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Digging Wells: The Place of God in an Age of Job Insecurity
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Digging Wells: The Place of God in an Age of Job Insecurity

David Liu—Pacifica, California, USA

Working life in the late-twentieth century and beyond could well be summarized as an age of job insecurity.

Books have been published addressing this new face of working life, many giving advice on how to deal with changes. The bestseller Who Moved My Cheese? offers this key teaching on how to deal with changes at work: “They keep moving the cheese…be ready to change quickly and enjoy it again and again.1

While self-help books as such have their nuggets of applicability at times, life’s problems are not as easy as simply following a few formulaic steps. Human strategies alone won’t provide the complete answer, especially if God is not in the equation.

As Christians, we need to cope with job insecurity and the even more menacing insecurity in our hearts as we face the ever-changing world by reaffirming our relationship with God. The insecurity we feel may very well be a symptom of an underlying issue of misplaced priorities.


I remember the first time I encountered a layoff. Our company had made a decision without announcing that they were downsizing. Throughout the day, human resources had gone from cubicle to cubicle with boxes and security escorting people out. To me, it felt like any other normal day since I was oblivious to what had been going on.

By the end of the day, a third of the company was gone. Lower-level managers were not even sure who still worked for them. Upper management sent out a clear message to us: we needed to be more productive and more profitable. More work, less people. Or else more layoffs were coming.

The reality of corporate life sank in. Companies were no longer loyal to employees—they resorted to threatening them instead. I tried to look at the bright side, thankful that I had survived a massive layoff.

But I would not be so lucky when the second round of layoffs came. All non-managerial positions were eliminated because they were being outsourced to India. And to add insult to injury, we would spend our last few months training our replacements.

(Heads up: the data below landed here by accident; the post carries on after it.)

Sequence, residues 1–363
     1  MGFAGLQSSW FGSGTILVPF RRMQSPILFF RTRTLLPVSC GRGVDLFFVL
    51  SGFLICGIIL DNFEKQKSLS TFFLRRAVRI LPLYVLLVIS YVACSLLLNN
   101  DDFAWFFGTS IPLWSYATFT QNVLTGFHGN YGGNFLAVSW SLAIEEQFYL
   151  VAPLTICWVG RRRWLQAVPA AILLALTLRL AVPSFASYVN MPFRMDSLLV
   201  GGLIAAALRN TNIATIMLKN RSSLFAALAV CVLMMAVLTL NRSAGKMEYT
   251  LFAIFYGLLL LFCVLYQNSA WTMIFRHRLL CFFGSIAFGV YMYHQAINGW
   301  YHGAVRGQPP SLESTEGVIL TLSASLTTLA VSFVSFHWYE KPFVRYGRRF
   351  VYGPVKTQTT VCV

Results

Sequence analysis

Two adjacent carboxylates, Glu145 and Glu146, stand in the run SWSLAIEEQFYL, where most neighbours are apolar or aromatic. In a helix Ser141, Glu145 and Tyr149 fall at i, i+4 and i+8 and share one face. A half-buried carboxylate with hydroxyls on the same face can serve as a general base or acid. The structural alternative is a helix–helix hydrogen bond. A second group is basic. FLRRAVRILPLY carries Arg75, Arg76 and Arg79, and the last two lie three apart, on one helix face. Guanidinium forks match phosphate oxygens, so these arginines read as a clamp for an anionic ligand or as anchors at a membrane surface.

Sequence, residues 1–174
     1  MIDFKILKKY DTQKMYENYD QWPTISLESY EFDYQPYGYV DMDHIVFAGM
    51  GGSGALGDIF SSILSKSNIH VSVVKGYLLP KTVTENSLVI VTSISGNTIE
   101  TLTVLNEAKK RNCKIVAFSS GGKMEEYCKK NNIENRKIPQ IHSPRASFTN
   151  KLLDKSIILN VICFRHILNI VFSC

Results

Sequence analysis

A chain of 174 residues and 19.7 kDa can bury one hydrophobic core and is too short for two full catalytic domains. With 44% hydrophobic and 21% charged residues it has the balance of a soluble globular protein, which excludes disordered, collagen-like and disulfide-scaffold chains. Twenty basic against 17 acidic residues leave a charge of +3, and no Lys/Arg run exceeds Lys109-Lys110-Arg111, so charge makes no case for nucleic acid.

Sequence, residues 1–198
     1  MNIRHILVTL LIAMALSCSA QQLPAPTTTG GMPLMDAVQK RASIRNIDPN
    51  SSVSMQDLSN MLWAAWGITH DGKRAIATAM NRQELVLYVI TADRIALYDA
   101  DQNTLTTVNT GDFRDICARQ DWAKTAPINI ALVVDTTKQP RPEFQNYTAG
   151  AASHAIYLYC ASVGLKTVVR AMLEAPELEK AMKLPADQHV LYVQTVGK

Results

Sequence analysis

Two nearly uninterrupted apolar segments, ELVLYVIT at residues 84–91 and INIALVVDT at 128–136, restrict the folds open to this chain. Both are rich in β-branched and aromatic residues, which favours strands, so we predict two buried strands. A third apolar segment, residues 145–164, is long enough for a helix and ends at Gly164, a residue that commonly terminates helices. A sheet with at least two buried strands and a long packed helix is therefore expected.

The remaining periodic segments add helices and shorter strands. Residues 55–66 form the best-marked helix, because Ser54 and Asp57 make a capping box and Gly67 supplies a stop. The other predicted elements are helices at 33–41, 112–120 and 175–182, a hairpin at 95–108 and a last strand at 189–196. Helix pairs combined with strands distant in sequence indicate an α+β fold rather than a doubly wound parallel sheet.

In these trying economic times, we face much uncertainty in our lives. Jobs are no longer as secure as they once were. Companies no longer provide employee loyalty because they can no longer afford it, and they often resort to downsizing and even outsourcing to cut costs.

Employees are at the mercy of the market, and many of us wake up wondering whether this is the day we will lose our jobs. Those who own homes find themselves in foreclosure due to economic downturns.

The challenge is particularly noticeable for those who are graduating and those who are starting out in their careers with little or no experience. The current market has been far more unkind towards them.

Even those who are offered positions with a company may not be surprised to find their offer rescinded. Others find themselves moving to new places to pursue jobs because they are no longer in the position to be selective about which job to accept.


In Old Testament times, many saints led nomadic lives in search of a decent livelihood. Digging up wells represented a source of living and a way to sustain their household—it was staking a claim of ownership to the land. It’s like buying a home, settling down, and claiming a piece of land to be yours.

The Bible records that Isaac was very prosperous and had great possessions of flocks, herds, and a great number of servants. Hence, he needed to dig a well as a source of water to provide for his charges. But for Isaac, digging a well would not be as simple as it seemed.

Issues started off with Abraham when he first moved to the land of Gerar, which the Bible described as an arid place, and they continued to follow Isaac. We see that for both father and son, the Philistines created trouble for them while they dwelt in Gerar. There wasn’t much of a sense of security for Abraham and Isaac in those days.

Trouble started for Abraham when the Philistines seized the wells that he had dug (Gen 21:25). Abraham reacted by rebuking Abimelech, but they later formed a covenant in the land of Beersheba (Gen 21:25-32). However, after Abraham died, the Philistines filled his wells up with earth (Gen 26:18).